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Thought for the Day: Lesson from Iyov -- HaShem Prefers Honest Criticism to Ingratiating Flattery

When I first took college physics, I had wonderful professor: Mr. Work.  (No, really, his name was Lloyd Work; great name for a physics teacher, no?)  I learned a lot from Mr. Work.  I went to his office once to ask some questions, which lead to a more advanced discussion, and he pulled out a quantum mechanics text to elucidate his point.  I looked at the pictures and said I got most of it, but was confused by certain details.  (Not really important for my point here, but I was confused by the meaning of the quantum mechanical electron cloud and how that related to electron shells that I knew from chemistry.)  Mr. Work got a whimsical smile on his face and said, "The only difference between you and me is that I get confused on a higher level than you do, and Feynman (gadol ha'dor in modern physics; died 1988) gets confused at a higher level than I do."  I am not sure if his intent was to humble me or to inspire me, but it did both.  I got a feel for the enormity of my ignorance, but was inspired that I could aspire to whatever I wanted; I just had to be willing to put in the requisite time and effort.  Thank you, Mr. Work.

Throughout Iyov's debate, his manner is passionate, but to the point.  He dismisses their explanations by demonstrating time and time again they the do not stand up to careful scrutiny.  Finally, though, when his friends argue that HaShem's ways are just too deep to understand, Iyov changes tone.  Iyov responded by demonstrating that while they could only talk in generalities about "HaShem's mysterious ways", he (Iyov) could talk with authority on the details of what we know (ma'aseh ha'merkavah) and precisely where the limits of human understanding reach.  Iyov knows full well that he cannot fully understand HaShem and His Ways, but Iyov does expect (and is willing to expend whatever exertion is necessary) to discover an approach that at his level makes sense.  If that would not be true -- if there were absolutely no correlation between one's deeds and the outcome -- then there is no such thing as tzadik and rasha; there is, in fact, no real distinction between good and evil.  Iyov is willing to accept his own confusion, but he is not prepared to accept that reality is nothing but confusion and frustration.  The Wisdom of the Creator it deep beyond all understanding; it absolutely is not, chas v'shalom, random.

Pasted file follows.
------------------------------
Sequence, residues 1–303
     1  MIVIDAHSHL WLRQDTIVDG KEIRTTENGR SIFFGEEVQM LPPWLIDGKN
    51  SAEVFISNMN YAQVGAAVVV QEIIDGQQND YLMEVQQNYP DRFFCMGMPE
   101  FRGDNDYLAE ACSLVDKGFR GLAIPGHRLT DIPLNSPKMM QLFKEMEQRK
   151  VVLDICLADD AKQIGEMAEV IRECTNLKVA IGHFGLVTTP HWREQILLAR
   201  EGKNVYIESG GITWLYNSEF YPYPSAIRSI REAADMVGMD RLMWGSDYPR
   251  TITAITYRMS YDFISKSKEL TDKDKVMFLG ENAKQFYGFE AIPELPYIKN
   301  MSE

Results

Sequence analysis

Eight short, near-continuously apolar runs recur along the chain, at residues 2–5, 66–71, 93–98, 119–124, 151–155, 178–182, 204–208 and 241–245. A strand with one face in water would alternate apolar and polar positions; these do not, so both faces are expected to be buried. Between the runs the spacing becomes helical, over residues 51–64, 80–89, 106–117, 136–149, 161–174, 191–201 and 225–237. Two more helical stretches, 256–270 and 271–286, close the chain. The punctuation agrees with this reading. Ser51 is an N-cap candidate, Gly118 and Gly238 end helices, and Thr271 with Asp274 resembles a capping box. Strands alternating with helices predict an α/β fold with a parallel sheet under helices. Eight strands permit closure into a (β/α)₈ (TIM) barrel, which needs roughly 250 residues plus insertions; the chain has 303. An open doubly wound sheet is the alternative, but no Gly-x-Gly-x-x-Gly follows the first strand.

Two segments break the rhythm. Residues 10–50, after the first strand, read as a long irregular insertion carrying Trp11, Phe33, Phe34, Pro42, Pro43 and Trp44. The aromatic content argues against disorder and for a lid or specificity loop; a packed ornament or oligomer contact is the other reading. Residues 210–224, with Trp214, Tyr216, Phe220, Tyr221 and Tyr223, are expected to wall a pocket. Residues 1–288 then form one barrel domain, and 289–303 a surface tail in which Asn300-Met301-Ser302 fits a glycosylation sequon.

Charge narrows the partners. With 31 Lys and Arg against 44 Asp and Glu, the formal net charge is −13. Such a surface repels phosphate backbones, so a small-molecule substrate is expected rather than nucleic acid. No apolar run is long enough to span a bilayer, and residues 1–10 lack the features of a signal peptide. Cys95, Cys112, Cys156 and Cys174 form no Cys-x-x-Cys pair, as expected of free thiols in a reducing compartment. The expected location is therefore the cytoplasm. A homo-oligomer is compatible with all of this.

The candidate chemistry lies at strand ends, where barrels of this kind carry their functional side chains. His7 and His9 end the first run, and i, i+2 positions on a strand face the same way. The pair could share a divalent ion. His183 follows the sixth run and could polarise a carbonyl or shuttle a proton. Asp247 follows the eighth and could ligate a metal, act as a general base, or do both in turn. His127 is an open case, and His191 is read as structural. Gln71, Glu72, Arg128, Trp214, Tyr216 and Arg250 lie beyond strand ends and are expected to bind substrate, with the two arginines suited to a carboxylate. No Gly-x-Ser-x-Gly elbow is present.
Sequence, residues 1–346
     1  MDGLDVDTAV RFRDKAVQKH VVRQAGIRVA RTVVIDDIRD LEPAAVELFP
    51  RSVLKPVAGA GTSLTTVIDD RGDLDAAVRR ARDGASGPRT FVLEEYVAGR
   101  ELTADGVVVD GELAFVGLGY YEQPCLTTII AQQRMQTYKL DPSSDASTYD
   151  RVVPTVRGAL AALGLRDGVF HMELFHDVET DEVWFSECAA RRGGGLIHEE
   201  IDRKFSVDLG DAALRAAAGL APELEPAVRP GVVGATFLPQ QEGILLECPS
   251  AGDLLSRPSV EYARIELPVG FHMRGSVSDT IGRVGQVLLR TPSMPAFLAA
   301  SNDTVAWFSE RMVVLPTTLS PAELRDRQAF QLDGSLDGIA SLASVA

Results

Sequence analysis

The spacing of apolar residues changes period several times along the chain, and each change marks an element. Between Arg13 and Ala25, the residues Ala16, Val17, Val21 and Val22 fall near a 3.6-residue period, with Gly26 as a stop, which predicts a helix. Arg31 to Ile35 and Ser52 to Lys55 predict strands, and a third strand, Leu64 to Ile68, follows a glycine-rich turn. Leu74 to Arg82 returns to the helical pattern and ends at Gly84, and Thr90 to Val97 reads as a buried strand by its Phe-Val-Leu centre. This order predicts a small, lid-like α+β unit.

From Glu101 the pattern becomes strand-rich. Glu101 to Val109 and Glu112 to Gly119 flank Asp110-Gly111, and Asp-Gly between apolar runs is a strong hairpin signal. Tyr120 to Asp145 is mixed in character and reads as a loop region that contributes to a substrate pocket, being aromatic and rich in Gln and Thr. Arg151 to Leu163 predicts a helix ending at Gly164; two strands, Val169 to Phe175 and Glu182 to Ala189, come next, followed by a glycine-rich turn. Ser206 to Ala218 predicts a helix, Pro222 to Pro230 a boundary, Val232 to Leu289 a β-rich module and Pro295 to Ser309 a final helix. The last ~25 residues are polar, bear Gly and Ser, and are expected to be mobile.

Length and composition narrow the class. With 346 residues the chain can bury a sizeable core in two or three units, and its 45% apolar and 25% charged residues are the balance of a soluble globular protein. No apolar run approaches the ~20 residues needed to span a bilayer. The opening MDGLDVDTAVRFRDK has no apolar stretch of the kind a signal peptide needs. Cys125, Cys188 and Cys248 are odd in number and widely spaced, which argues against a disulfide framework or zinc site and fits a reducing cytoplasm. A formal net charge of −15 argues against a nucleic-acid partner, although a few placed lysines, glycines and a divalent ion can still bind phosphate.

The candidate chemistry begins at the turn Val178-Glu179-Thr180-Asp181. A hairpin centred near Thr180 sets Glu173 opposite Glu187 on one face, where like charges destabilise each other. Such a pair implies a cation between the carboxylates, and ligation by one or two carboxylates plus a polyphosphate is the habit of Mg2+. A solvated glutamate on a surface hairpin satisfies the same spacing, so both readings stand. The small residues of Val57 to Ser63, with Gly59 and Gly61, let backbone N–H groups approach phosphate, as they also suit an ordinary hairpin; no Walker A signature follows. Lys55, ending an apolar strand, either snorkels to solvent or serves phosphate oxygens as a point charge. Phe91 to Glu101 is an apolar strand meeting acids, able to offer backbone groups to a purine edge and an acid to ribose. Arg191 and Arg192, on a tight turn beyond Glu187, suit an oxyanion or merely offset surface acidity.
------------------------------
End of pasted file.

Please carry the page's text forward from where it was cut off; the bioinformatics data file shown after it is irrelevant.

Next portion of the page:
At this point, Iyov levels a very sharp criticism of his friends.  They are nothing more than the lowest kind of sycophants!  (Sycophant: a self-seeking, servile flatterer; a fawning parasite.)  They flatter HaShem by saying words that sound pious, but they don't really believe the words they are mouthing.  Their magnum opus?  "Oh... there is no question; it's all good no matter how it feels... la la la... I can't hear you."  Iyov is a great personality; wise, righteous, and pious.  He is willing to go to any length, to suffer and travail.  However, he is not willing to "thrown in the towel" and admit that there are no answers.

Iyov errs in how far he expects to be able to penetrate HaShem's Infinite Wisdom; he doesn't realize that one must ultimately admit his limits and then pray for deeper understanding as a gift from the Creator.  His friends?  Ultimately they simply take the easy road and stop questioning at all.  In doing so they deny themselves an honest relationship with the Creator; which means they deny the ultimate purpose of creation and are dangerously close to denying HaShem Himself, rachmana latzlan.


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